Thankfully, the comedic through-line of the episode, everyone borrowing (and not returning) Ted's clearly-labeled stuff, was hilarious. Those labels are clearly very sitcom-y, but they totally added to the joke.
Similarly, the cutaways to Robin screaming at the increasingly-angelic Patrice shouldn't crack me up as much as they do, but I laugh every time...
Marshall's mom and Lily's dad (ugh) hooking up was pretty obvious from the get-go, even before she started talking about getting back out there, but to the show's credit, they didn't try to act like it wasn't obvious and string us along until the end of the episode.
Maybe I need an intervention, but like Robin, I'm not entirely buying Barney's conversion. On the one hand, this might be the final step towards the Barney we know is going to be marrying Robin; on the other hand, I could see him running a long con, and still having a copy of the playbook stashed somewhere.
Glee: Dynamic Duets
This was a nice bounce back episode. The idea of any school having a superhero club involving kids dressing up as their own superheroes and patrolling the halls is pretty ridiculous, but it's the kind of ridiculous Glee can pull off. Frankly, the logic of superhero universes isn't all that far removed from that of musicals - I can accept some of the more ridiculous touches of the superhero stuff in this episode in the same way I can accept musicians appearing out of nowhere (as opposed to, say, the ridiculousness of an otherwise normal character not realizing she can't be gaining weight because her clothes still fit). Even better, the superhero stuff wasn't just a one-off gimmick, and actually tied into the plot/theme of the club needing to come together as a team in order to defeat the evil Dalton Academy. The inherent nature of school competition already echoes superhero/villain conflicts; this episode simply made that more overt.
Blaine rejoining the Warblers was a pretty obvious setup, but it did feel appropriately comic book-y for the episode. I also liked the acknowledgement of Blaine's "Blaine Warbler" name.
Bravo to the show for having set up the superhero club earlier in the season. Also appreciated Tina's comment about bringing Santana back for Sectionals; at least someone on the writing staff realizes how stupid that was. Sam being the one to talk Blaine out of leaving was also a nice nod to their Wolverine/Cyclops dynamics from earlier in the season, but no mention was made of Blaine leaving a school of which he's the class president.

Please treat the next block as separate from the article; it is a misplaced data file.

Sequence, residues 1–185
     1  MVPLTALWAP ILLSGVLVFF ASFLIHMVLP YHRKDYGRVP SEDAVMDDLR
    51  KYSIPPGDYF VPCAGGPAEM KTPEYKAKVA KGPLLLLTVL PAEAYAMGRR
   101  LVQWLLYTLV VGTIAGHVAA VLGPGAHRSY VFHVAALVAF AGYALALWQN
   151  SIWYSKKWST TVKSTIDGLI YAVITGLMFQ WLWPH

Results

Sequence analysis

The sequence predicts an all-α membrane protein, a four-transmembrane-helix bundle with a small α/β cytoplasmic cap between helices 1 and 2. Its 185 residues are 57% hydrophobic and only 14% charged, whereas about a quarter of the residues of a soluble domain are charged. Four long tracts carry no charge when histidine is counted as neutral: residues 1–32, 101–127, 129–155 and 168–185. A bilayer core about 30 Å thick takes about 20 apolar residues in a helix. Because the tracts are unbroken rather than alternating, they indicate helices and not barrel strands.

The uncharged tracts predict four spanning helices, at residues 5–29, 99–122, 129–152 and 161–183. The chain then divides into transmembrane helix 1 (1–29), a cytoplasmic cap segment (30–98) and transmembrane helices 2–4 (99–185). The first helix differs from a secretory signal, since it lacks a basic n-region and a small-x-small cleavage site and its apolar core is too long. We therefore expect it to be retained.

Sam's Bane impression, via jock strap, was one of the funniest things, ever.
The Batman '66 style punchout title cards as Sam and Blaine ran from Dalton were shipper style amalgams of their names ("Blam!” and “Slaine!")
Marley's weight subplot remains painfully stupid (seriously, how can she not realize Kitty isn't her friend?), but the rest of the New New Directions bits remain enjoyable. The love triangle business is pretty standard stuff, but I appreciate that Jake isn't being a total jerk about it (good use of Puck, by the way - he was incorporated into the story without any head-smashing leaps of logic).
Nice touch at the end there putting the new New Directions in the same red shirt look as the original New Directions at the end of the pilot episode, when they first came together as a group. Even better, kudos to the episode for making it feel like the New New Directions earned that homage, underscoring the whole "team building" theme of the episode (it's not of the same resonance, but I also liked Finn rocking a Mr. Schue-esque sweater vest at the beginning).
Favorite Song: I pretty much liked all the songs in this one, especially "Heroes", but I'll give the honor to the episode-ending "Some Nights", which, like the costumes, nicely echoed the pilot's "Don't Stop Believin'", and because I'm a sucker for the show's end-of-the-episode group sings.
Artie: Uh, I’m Dr. Y, and my superpower is wheelies
Finn: The glee club doesn’t see me as an adult. Uh, God, is that what coffee tastes like? How do people drink that?